In the second arm of the study, Rama Garimella, PhD, MS, MSc, a research assistant professor in the School of Health Professions' Department of Dietetics and Nutrition, along with her graduate students Lindsey Thompson and Shanshan Wang, investigated the effects of vitamin D on human osteosarcoma cell lines at the cellular and molecular levels. "Vitamin D has been well studied in other different types of cancers, like prostate, breast and colon cancers," says Garimella, the senior and corresponding author of the study. "The role of vitamin D in osteosarcoma is not clearly defined."

The results of pilot studies from Garimella's lab suggest that vitamin D induces differentiation and apoptosis, or cell death, in human osteosarcoma cell lines. In other words, vitamin D promoted the growth of normal bone cells by expressing bone markers. "It remains to be tested whether vitamin D exerts a similar differentiation-inducing effect in vivo," Garimella says.

Other co-authors of the study include Jakica Tancabelic, MD; David Pinson, DVM, PhD; H. Clarke Anderson, MD; and John Keighley, PhD.

The results suggest that vitamin D could become another tool in the treatment of osteosarcoma. Patients with low levels of vitamin D would potentially receive supplements during chemotherapy in an effort try to increase the number of osteosarcoma cells that turn into normal bone. "We're not saying that vitamin D is going to be the thing that cures osteosarcoma," Templeton says. "We wouldn't use it as a single agent, the only drug that you give, but rather would add it into current treatment regimens."

More tests are needed before doctors begin recommending vitamin D for their osteosarcoma patients. "All we know is what it does in a petri dish," Templeton says. The next step is to introduce vitamin D to osteosarcoma cells in mice or dogs. (Bone tumors are fairly common in large breed dogs.) In any event, Templeton is encouraged by the discovery. The chemotherapy that is used now to treat osteosarcoma, she says, is effective but also poses significant side effects to the heart, kidneys or bone, depending on the regimen.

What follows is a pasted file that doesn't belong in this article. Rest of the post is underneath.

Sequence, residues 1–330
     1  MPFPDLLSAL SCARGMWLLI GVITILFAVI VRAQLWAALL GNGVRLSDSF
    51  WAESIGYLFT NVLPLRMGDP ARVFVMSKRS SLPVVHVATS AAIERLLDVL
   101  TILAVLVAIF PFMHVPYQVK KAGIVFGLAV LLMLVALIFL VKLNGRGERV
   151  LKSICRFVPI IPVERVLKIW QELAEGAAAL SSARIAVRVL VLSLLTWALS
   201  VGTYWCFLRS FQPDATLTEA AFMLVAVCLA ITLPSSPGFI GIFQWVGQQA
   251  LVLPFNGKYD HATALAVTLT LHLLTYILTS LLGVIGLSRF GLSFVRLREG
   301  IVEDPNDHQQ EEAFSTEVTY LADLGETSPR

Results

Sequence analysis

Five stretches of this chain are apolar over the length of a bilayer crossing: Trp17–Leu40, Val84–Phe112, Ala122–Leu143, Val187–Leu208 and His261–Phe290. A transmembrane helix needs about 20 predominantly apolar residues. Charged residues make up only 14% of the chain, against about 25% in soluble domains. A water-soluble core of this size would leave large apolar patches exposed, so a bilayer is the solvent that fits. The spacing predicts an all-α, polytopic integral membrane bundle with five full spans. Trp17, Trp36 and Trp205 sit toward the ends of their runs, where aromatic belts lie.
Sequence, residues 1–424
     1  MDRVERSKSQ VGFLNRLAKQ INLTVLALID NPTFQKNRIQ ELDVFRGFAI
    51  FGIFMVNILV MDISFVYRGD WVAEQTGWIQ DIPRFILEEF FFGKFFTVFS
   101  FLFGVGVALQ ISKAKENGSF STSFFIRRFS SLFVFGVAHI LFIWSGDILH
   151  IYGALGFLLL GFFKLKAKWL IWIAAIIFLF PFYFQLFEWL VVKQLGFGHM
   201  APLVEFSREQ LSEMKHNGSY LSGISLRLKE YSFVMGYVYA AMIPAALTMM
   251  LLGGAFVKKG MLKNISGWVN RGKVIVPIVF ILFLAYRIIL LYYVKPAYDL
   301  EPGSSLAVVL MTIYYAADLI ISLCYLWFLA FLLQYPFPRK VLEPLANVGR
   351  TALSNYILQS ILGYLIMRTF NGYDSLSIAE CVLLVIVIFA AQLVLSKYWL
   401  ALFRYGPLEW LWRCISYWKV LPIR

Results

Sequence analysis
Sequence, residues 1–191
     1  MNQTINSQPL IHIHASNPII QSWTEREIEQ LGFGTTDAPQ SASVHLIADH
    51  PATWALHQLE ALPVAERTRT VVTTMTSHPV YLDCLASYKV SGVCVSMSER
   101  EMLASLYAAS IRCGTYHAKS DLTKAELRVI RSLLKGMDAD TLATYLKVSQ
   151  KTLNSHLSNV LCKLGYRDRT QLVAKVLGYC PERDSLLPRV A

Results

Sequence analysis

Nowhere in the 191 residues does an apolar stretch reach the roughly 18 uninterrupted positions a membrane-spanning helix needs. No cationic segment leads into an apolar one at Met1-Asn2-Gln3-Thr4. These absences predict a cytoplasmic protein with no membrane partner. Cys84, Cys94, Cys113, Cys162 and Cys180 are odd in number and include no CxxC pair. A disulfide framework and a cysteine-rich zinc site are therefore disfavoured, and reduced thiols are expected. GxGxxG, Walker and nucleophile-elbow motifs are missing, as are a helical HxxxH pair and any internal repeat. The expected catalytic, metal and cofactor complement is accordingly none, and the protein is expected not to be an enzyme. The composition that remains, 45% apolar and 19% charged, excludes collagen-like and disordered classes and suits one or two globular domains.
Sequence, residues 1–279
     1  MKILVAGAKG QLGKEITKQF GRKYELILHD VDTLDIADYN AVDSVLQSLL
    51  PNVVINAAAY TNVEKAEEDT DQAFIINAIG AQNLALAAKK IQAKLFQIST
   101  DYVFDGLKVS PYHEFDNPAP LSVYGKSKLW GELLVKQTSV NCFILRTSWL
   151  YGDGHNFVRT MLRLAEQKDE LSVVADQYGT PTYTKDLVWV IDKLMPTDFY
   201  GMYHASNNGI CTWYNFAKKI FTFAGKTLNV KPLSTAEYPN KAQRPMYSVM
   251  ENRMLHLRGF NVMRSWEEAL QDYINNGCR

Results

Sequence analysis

"The beauty of vitamin D is that at relatively normal doses it's not going to have a long-term side effect like that," she says. "When you're dealing with growing kids, that's something you really need to be concerned about. Yes, you want to try to eradicate their cancer, but you also, if they do survive, want to understand what those drugs and that treatment is doing 20 and 30 and 40 years after they've been treated."

Templeton also notes that vitamin D is inexpensive, an important consideration at a time of concern about health care spending.

Templeton says the primary objective of the research into vitamin D is to lower the mortality rate of osteosarcoma patients, many of whom are not old enough to drive when they first come to see her. "There's nothing quite as gratifying as treating a child or teenager with this condition and have them coming back when they've graduated high school or graduated college so you know they've made it," she says.

Categories: Research, School of Medicine, School of Health Professions

Last modified: Jan 30, 2012
ID=x3896